“We believe the Senate should find consensus just as the American people have,” White House press secretary Karine Jean-Pierre said Thursday.

The bill protecting same-sex marriage cleared the House in a July vote with the support of 47 Republicans — a larger than expected number that gave the measure a boost in the Senate. But as the weeks went on, more Republicans raised religious liberty issues.

Another proposed tweak to the bill would make clear that a marriage is between two people, an effort to ward off some far-right criticism that the legislation could endorse polygamy.

It's not clear how many Republicans would support the bill. In addition to Collins, Portman and Tillis, a fourth GOP senator, Alaska Sen. Lisa Murkowski, has supported same-sex marriage in the past. Wisconsin Sen. Ron Johnson, who is up for reelection this year, has said he doesn’t see a “reason to oppose it” but has talked on both sides of the issue in recent weeks.

Most Republicans opposing the legislation have said it is simply unnecessary because the court ruling still stands. But others have gone further.

One group that has been opposed, the conservative Alliance Defending Freedom, has pushed back on the legislation.

“In the grander scheme, the Respect for Marriage Act is a way of putting an exclamation mark on the sexual revolution and its ideology,” wrote Ryan Womack, who works for the group, in a blog posted on its website.

___

Associated Press writer Seung Min Kim contributed to this report.

  • Associated Categories: Associated Press (AP), AP National News, AP Online National News, Top General short headlines, AP Online Headlines - Washington, AP Online Congress News, AP Online Supreme Court News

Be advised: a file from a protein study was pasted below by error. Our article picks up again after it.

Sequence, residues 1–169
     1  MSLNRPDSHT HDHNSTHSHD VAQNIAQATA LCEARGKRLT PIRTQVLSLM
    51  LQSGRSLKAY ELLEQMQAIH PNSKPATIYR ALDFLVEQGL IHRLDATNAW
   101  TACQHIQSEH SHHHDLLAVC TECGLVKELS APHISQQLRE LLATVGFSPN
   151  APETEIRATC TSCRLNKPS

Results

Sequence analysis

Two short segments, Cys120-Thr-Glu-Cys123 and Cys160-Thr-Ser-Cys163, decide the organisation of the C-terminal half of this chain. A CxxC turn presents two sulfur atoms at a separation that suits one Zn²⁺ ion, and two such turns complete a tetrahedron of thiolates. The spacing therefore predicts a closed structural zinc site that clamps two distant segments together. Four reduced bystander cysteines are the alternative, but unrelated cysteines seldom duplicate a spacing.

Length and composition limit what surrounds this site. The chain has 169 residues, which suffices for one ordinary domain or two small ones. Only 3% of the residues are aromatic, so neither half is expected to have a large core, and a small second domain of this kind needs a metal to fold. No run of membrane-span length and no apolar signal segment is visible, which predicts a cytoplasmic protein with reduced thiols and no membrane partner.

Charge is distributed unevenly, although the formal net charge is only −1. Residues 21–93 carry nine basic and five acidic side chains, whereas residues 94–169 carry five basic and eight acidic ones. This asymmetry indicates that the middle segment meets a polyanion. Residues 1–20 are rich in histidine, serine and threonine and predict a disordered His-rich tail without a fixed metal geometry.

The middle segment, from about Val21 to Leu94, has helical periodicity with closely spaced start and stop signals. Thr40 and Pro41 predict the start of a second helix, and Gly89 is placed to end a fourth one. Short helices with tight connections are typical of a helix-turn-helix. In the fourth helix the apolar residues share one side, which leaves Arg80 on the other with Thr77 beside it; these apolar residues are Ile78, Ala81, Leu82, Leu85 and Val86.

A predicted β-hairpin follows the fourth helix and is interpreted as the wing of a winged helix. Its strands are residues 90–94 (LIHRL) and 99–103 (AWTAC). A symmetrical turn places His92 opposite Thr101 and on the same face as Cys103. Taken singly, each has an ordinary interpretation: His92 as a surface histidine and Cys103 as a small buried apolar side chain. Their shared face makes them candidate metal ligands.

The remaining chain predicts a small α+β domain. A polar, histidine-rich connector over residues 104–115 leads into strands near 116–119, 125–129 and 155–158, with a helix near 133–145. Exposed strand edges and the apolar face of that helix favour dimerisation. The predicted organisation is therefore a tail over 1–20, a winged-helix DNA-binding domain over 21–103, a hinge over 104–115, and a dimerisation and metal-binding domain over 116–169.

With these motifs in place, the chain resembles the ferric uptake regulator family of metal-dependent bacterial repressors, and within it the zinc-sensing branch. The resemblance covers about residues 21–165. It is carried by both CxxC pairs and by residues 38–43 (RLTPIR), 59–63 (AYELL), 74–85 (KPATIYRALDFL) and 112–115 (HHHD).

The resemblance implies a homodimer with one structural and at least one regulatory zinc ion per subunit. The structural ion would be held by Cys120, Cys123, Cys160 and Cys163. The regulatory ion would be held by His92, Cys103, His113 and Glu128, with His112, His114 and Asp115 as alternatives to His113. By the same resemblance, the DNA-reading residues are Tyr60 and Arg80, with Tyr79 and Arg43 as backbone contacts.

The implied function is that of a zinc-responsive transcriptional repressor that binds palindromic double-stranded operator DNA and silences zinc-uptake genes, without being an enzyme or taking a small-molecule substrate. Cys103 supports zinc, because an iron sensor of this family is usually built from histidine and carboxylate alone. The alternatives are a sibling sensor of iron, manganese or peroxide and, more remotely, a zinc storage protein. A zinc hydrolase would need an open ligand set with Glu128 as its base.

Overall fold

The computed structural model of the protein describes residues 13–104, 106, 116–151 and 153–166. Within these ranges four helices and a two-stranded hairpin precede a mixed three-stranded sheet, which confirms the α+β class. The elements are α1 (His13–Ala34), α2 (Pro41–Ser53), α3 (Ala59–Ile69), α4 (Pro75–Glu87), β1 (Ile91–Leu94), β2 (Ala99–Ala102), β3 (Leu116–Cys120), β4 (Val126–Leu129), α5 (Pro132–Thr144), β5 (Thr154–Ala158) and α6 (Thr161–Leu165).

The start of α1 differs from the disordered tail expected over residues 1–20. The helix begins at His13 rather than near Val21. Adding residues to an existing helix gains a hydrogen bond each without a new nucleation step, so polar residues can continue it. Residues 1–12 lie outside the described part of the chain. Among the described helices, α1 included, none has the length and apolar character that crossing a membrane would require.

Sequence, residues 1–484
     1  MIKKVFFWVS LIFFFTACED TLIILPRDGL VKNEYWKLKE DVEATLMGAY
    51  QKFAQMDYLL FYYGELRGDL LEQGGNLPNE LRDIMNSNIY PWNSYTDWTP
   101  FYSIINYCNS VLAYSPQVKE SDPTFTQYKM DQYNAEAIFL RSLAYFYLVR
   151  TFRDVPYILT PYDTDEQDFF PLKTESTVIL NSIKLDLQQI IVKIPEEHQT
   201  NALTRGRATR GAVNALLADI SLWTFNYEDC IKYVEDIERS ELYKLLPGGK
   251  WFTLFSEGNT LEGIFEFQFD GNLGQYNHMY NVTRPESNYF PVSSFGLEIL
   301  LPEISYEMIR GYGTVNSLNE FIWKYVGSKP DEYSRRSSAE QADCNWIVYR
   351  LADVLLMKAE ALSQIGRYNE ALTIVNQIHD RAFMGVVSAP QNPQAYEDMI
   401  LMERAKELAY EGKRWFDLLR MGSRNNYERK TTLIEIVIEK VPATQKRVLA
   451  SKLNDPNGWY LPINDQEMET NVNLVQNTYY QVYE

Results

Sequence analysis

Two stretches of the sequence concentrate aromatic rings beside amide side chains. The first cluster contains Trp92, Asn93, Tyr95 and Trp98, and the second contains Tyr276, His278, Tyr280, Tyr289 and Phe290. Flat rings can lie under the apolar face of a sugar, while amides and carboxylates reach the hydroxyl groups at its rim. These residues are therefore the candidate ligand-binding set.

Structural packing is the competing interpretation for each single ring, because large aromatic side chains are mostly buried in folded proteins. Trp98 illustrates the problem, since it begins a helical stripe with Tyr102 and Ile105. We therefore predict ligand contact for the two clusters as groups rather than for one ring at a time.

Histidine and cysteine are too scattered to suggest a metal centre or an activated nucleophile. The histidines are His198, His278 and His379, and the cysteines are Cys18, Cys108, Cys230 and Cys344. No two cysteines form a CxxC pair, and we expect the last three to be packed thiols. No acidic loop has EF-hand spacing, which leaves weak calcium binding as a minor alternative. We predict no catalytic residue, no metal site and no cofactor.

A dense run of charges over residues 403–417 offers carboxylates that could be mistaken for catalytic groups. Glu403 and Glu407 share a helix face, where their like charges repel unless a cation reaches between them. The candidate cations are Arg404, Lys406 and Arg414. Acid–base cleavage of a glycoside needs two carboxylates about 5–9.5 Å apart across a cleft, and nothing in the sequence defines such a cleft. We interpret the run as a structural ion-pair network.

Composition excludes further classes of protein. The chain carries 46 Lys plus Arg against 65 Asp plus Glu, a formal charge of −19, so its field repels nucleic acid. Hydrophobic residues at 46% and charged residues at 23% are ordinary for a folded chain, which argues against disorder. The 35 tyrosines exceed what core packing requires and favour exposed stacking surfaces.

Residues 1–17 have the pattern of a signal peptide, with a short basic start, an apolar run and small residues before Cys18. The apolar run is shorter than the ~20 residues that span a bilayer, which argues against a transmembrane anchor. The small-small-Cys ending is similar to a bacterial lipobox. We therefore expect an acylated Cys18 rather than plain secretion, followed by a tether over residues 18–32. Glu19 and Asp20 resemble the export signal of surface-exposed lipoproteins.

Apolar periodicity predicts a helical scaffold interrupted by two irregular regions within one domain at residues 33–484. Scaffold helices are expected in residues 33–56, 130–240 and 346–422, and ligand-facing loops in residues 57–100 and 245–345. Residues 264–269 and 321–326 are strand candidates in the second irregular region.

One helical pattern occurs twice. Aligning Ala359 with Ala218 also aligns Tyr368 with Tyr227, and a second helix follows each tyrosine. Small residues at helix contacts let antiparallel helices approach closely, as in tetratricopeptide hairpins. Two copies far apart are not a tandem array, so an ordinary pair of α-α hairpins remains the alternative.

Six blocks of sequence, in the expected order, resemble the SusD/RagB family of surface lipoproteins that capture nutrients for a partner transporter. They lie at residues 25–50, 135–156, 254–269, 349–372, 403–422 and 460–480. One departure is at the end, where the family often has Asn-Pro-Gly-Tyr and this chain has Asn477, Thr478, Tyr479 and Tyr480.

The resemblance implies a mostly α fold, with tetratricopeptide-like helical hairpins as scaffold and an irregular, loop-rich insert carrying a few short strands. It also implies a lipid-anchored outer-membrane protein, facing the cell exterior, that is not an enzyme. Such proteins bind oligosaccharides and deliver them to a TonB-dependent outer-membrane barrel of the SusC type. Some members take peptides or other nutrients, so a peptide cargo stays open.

© Copyright 2023 AccessWDUN.com
All rights reserved. This material may not be published, broadcast, rewritten, or redistributed without permission.
Rookie WR Drake London flies home when Falcons visit LA Rams
Drake London spent the past three seasons tearing up college defenses for USC, so football fans in his native Southern California weren’t surprised when the big receiver got off to a strong NFL start with the Atlanta Falcons
3:32PM ( 7 minutes ago )
From carmakers to refiners, industries brace for rail strike
Carmakers say buyers might not get the vehicle they want on time, commuter rail lines could see service disrupted, and shipments from everything from oil to livestock feed could be disrupted
3:25PM ( 15 minutes ago )
Democrats punt same-sex marriage vote until after election
Democrats are punting a vote to protect same-sex and interracial marriages until after the November midterm elections, a blow for the legislation that comes days after Senate Majority Leader Chuck Schumer vowed to put the Senate on the record on the issue “in the coming weeks.”
3:24PM ( 15 minutes ago )
Associated Press (AP)
Montana judge blocks anti-trans birth certificate rule
A Montana judge has blocked health officials from enforcing a state rule that would prevent transgender people from changing the gender on their birth certificate
3:07PM ( 33 minutes ago )
Tentative labor deal averts threat of nationwide rail strike
Rail companies and their workers reached a tentative agreement to avert a nationwide strike that could have shut down the nation’s freight trains and devastated the economy less than two months before the midterm elections
3:00PM ( 40 minutes ago )
Weeks-long boil water notice lifted in Mississippi capital
A boil-water notice has been lifted in Mississippi’s capital city after nearly seven weeks
2:55PM ( 44 minutes ago )
AP National News
Lebanese cheer as their dancers win America's Got Talent
Lebanon is celebrating the victory of a female dance troupe from this crisis-hit Mideast country in the America's Got Talent competition show
1:13PM ( 2 hours ago )
Retail sales up 0.3% in Aug. from July amid inflation
Americans picked up their spending a bit in August from July even as surging inflation on household necessities like rent and food take a toll on household budgets
12:37PM ( 3 hours ago )